The myoblast fusion is asymmetric and takes place between founder cells (FCs) and fusion competent myoblasts (FCMs). Previous reports originated the idea that FCMs are not 'naive' myoblasts and contribute to the modulation of fusion process. In contrast, the current results support a view that FCs rather than FCMs carry the instructive information and lead to the conclusion that FCMs do not play an active role in setting the number of fusion events. However, because the spatial distribution of FCMs seems to be nonuniform, it is conceivable that the local distribution of FCMs is coordinated with the requirements of FCs to facilitate fusion process (Bataillé, 2010).

The identity genes lb, slou, and eve are required to specify FCs at the origin of five muscles the DA1, DT1, SBM, VA2, and VT1. This study provides evidence that these identity genes are also required for setting the muscle-specific number of fusions and demonstrates how this identity information is executed. After specification step, FCs fuse, between the embryonic stage 12 and 15, with a determined number of FCMs to generate muscles with a specific number of nuclei. During this time period eve, lb, and slou continue to be expressed in subsets of developing muscles and the data show that they are sufficient to establish the muscle-specific fusion programs in DA1, SBM, and VT1 (11, 7, and 4 nuclei, respectively). Furthermore, slou in combination with other factors contributes to two other programs that end up with seven to eight fusion events in muscles DT1 and VA2. To regulate number of fusion events eve, lb, and slou act by modulating expression of genes involved in dynamics of actin cytoskeleton or cell adhesion. Starting from stage 13, they establish a muscle-specific combinatorial code of expression levels of three targets: Mp20, Pax, and mspo. The combination of expression of the targets leads to the muscle-specific control of the number of fusion events. This notion is supported by the fact that each of identity genes is able to impose at ectopic locations the combinatorial realisator code of Mp20, Pax, and mspo expression, and thus, ectopically execute its fusion program. Given that the code of Mp20, Pax, and mspo is not sufficient to explain fusion programs in all muscles, it is hypothesized that other identity gene targets exist that modulate fusion counting (Bataillé, 2010).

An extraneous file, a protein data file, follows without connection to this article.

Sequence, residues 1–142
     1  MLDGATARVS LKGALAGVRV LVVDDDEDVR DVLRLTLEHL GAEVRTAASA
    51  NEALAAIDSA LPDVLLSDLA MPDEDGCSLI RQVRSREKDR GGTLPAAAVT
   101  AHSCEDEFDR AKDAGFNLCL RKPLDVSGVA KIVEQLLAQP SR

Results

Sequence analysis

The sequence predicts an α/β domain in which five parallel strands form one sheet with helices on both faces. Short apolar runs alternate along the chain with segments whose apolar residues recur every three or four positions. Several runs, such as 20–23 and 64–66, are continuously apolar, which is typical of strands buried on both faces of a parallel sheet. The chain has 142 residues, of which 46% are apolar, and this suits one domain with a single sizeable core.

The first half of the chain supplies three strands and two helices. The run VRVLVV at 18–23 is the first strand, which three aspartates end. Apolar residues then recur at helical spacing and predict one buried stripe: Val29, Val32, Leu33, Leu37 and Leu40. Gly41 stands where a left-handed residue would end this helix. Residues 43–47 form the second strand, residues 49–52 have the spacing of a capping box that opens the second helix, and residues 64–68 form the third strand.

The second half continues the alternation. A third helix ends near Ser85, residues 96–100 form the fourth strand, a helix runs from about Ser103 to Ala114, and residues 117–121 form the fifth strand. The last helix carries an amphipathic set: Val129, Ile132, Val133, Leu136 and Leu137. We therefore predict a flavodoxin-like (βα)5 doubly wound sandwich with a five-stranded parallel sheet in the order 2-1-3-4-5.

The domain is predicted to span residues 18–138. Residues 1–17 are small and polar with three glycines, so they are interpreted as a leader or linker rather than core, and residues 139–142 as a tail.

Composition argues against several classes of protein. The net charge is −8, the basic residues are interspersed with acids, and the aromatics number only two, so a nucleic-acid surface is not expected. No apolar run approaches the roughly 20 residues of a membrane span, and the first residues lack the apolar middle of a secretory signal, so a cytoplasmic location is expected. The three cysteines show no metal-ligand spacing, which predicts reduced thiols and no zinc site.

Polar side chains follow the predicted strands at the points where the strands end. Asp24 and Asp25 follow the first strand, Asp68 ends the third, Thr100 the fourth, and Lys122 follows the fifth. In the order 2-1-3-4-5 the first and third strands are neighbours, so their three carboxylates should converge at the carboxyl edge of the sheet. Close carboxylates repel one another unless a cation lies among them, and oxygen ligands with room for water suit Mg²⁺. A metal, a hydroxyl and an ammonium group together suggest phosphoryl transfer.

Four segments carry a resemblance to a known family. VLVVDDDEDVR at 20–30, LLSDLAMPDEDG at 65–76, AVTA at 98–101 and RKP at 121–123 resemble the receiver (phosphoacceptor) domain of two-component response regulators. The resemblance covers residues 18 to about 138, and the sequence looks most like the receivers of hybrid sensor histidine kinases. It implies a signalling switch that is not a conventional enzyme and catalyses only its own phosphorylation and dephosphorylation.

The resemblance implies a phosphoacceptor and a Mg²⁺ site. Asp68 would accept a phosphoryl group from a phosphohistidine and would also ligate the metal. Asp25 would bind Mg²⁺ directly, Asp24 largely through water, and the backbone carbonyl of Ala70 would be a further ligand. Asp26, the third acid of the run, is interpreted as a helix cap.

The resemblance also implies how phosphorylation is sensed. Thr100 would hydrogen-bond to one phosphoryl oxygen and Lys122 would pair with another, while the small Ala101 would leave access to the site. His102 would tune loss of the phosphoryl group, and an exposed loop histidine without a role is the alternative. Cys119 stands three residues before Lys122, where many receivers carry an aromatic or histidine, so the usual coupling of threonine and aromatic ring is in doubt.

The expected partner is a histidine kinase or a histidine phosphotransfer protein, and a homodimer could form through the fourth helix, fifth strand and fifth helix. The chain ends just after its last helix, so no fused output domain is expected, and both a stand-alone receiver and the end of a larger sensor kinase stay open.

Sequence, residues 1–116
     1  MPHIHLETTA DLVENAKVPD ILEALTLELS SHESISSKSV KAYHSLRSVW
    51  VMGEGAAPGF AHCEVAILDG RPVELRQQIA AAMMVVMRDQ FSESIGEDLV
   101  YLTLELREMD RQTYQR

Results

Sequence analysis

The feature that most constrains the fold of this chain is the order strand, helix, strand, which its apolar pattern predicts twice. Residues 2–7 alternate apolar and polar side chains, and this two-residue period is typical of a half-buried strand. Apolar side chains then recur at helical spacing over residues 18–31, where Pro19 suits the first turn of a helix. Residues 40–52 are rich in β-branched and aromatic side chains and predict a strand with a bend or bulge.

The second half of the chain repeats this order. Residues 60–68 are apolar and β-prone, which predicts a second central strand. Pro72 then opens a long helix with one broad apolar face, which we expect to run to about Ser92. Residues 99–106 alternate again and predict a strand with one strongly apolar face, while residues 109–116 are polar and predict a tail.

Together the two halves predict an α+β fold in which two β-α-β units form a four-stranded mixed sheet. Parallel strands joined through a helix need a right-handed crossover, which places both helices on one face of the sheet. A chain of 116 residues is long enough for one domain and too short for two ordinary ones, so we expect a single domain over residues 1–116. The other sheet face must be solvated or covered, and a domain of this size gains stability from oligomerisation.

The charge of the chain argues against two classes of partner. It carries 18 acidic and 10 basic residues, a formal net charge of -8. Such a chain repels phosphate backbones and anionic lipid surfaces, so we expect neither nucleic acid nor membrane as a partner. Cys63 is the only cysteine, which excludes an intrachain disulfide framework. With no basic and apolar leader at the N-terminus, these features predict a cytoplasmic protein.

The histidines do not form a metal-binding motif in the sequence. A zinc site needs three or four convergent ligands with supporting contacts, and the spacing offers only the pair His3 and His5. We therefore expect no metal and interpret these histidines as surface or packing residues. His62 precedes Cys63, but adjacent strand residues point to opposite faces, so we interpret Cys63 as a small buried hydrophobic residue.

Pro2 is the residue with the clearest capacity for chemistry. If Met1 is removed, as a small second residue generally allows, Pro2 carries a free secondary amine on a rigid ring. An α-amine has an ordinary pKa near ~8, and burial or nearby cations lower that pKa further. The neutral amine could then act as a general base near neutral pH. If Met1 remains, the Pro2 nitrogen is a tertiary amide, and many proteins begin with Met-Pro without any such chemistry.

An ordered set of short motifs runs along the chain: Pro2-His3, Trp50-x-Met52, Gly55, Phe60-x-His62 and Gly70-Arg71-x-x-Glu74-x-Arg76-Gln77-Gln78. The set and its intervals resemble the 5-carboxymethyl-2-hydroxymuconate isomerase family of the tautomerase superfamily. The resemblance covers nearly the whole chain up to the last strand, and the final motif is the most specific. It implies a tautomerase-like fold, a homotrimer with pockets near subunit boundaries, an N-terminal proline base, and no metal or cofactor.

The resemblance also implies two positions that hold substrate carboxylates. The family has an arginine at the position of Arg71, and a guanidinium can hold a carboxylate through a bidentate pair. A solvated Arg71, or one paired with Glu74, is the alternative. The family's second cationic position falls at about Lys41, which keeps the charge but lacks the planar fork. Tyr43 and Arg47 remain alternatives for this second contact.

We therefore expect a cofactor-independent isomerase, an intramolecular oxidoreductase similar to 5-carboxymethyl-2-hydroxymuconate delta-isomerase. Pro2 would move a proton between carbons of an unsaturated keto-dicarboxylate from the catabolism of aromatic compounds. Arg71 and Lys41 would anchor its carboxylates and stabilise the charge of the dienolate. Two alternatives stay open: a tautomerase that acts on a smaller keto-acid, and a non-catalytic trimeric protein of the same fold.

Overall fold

The data support a two-step model of myoblast fusion according to which a muscle precursor is formed between stage 12 and 13 by an initial fusion, and then, between stage 13 and 15, fuses with additional myoblasts until the muscle reaches its final size. The fact that Mp20, Pax, and mspo are expressed from stage 13 suggests that the transition point between the two steps depends not only on the timing of FCM migration but also on the activation of limiting factors such as the identity gene targets which modulate the number of additional fusions. Since no nuclear divisions were observed in FCs or in growing myotubes in any of the genetic contexts analyzed, it can confidently be said that the number of nuclei present in each muscle is determined only by the number of fusion events (Bataillé, 2010).

Specification of FCs requires combinatorial code of activities of identity genes. This study shows that the same identity genes play instructive roles in subsequent muscle-type-specific differentiation process. Importantly, the data enlighten the fact that the identity genes are not equivalent and have distinct, context-dependent mode of action. eve, lb, and slou are sufficient to set the fusion programs in DA1, SBM, and VT1 muscles; however, in VA2 and DT1 slou functions in a different way and seems not to have a decisive role in this process. Because the specification of the VA2 and DT1 FCs also involves functions of Poxm, Kr, and ap, it is hypothesized that they act together with slou in setting fusion programs of VA2 and DT1. This raises an important question about hierarchy of identity genes during execution of muscle identity programs and their roles in acquisition of specific properties of muscles such as number of nuclei, attachment points, and innervation (Bataillé, 2010).